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Exchange Traded Funds are just that, funds traded on exchanges. An ETF is an index stock issued by an investment company. ETF composition matches the composition of the underlying asset, most frequently a stock index and its price copies the development of the price of the index with small deviations.

Differences between ETF

  • By underlying asset - stocks, currencies, bonds, commodities (ETN)
  • By issuer - Barclay's Global Investors, State Street Global Advisors, Invesco PowerShares, Lyxor.
  • With or without foreign capital - leveraged (ultra), unleveraged
  • By direction of speculation - short (market drop), long (market growth)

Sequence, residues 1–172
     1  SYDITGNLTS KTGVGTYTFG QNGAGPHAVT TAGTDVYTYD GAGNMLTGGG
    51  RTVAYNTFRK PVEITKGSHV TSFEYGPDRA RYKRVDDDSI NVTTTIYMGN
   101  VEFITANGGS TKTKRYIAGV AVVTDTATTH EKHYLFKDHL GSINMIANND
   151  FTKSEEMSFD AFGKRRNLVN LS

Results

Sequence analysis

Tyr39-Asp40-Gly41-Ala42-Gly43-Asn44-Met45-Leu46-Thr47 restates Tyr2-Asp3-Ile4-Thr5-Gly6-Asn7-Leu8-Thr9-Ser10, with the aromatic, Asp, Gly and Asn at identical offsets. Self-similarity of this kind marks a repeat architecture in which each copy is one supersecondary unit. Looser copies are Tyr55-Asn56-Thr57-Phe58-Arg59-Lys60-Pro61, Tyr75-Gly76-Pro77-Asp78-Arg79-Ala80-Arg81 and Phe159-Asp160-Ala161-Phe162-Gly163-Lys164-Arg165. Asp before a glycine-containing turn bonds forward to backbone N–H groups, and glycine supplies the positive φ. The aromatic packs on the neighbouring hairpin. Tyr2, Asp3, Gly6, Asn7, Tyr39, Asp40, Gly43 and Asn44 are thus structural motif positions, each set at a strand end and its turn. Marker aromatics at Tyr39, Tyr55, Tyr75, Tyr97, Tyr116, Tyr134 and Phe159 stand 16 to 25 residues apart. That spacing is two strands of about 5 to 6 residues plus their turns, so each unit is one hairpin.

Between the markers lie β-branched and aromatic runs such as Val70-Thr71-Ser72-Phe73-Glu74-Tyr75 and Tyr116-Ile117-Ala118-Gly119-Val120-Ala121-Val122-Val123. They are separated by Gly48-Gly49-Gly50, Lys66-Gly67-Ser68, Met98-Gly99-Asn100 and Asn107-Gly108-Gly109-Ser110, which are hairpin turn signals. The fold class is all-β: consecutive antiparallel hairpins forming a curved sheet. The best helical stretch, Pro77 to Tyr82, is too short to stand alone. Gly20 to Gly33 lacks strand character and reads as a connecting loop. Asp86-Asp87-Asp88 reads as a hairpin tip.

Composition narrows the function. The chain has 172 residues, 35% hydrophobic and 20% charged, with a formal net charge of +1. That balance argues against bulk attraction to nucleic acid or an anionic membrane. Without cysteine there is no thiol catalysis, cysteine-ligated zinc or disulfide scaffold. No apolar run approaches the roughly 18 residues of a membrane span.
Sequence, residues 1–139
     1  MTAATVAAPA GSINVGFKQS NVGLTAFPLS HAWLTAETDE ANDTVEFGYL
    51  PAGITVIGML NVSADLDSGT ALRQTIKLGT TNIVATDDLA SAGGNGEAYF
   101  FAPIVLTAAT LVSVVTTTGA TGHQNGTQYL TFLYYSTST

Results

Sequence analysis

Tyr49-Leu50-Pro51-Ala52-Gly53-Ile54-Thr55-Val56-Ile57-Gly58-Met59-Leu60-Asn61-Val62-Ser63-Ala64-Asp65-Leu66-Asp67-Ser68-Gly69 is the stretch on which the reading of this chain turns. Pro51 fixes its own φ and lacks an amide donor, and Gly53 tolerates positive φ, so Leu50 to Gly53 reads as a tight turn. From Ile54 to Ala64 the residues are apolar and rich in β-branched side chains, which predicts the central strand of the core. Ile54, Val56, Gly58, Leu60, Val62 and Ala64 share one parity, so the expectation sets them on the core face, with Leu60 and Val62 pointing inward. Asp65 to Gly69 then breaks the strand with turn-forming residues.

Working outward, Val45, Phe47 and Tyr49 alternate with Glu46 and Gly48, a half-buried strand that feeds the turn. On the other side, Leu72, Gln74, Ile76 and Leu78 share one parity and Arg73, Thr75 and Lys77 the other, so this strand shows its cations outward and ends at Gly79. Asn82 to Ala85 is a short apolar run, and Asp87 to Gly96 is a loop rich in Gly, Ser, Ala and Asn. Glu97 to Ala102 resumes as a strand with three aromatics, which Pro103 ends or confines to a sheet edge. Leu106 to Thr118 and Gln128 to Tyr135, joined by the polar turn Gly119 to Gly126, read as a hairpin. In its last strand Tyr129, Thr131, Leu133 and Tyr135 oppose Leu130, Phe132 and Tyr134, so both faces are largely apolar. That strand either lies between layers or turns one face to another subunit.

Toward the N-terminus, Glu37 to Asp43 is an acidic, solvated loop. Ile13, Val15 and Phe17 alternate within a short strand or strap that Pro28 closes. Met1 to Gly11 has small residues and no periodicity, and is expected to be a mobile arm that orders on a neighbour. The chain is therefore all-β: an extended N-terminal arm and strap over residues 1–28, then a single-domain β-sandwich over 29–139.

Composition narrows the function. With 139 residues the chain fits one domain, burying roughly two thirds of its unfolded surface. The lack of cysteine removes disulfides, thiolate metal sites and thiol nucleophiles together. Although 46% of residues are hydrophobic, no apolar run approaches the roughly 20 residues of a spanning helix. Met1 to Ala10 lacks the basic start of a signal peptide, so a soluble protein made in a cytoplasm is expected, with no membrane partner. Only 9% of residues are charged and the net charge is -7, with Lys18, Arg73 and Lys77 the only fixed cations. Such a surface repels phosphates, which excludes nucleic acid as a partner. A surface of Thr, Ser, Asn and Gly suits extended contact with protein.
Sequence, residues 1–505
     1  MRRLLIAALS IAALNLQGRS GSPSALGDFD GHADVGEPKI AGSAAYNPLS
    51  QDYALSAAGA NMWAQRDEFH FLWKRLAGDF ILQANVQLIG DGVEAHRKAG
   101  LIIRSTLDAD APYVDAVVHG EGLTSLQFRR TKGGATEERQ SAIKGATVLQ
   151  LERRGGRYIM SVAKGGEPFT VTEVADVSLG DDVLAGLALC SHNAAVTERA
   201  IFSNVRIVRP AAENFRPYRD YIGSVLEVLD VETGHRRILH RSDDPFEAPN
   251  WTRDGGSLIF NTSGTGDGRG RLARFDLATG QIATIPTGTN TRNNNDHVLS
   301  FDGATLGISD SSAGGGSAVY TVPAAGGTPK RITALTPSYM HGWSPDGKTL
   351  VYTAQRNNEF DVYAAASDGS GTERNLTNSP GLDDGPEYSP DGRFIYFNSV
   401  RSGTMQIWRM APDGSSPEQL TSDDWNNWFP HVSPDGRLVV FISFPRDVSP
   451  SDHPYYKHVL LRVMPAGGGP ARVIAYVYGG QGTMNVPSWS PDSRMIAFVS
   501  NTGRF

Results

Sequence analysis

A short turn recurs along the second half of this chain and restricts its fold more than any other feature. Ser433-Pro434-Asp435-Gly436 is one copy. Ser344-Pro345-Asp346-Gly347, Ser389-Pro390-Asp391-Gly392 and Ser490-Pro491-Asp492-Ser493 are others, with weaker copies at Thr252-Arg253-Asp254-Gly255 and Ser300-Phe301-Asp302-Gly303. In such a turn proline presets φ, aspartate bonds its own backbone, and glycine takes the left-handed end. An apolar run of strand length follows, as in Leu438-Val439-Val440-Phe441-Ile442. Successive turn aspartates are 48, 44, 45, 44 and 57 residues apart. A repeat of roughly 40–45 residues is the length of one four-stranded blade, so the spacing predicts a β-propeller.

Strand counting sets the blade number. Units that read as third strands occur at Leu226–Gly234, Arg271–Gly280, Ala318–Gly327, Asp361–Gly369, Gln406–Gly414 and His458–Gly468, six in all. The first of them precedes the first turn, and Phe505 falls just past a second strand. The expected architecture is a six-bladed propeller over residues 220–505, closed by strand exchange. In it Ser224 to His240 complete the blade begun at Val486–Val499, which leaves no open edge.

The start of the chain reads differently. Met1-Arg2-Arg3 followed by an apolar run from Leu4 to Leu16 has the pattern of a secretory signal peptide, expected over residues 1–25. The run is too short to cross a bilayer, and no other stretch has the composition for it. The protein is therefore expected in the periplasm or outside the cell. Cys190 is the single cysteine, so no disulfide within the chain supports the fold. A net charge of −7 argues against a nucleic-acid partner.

• ETFs that pay or reinvest dividends.

Benefits of ETFs

  • Portfolio diversification - e.g. by purchasing a DJIA index stock you are investing in the 30 titles on the Dow Jones 30 Index.
  • Transparency - composition of the stock index is always clear and the ETF strictly follows this composition.
  • ETF assets are strictly separate from the issuer's assets and are not included in the bankruptcy estate.
  • Liquidity - bids and offers are created in the same manner as for stocks. ETFs can be sold in a matter of seconds and investments can be redirected quickly.
  • Investment yield - only 1/3 of mutual funds are able to meet their benchmarks.
  • Margin trading options for top US indexes up to 90% of the total investment.

For more information about strategies for investing in ETFs, please visit www.akcie.cz.

How to start trading ETFs?

You can find more information here.


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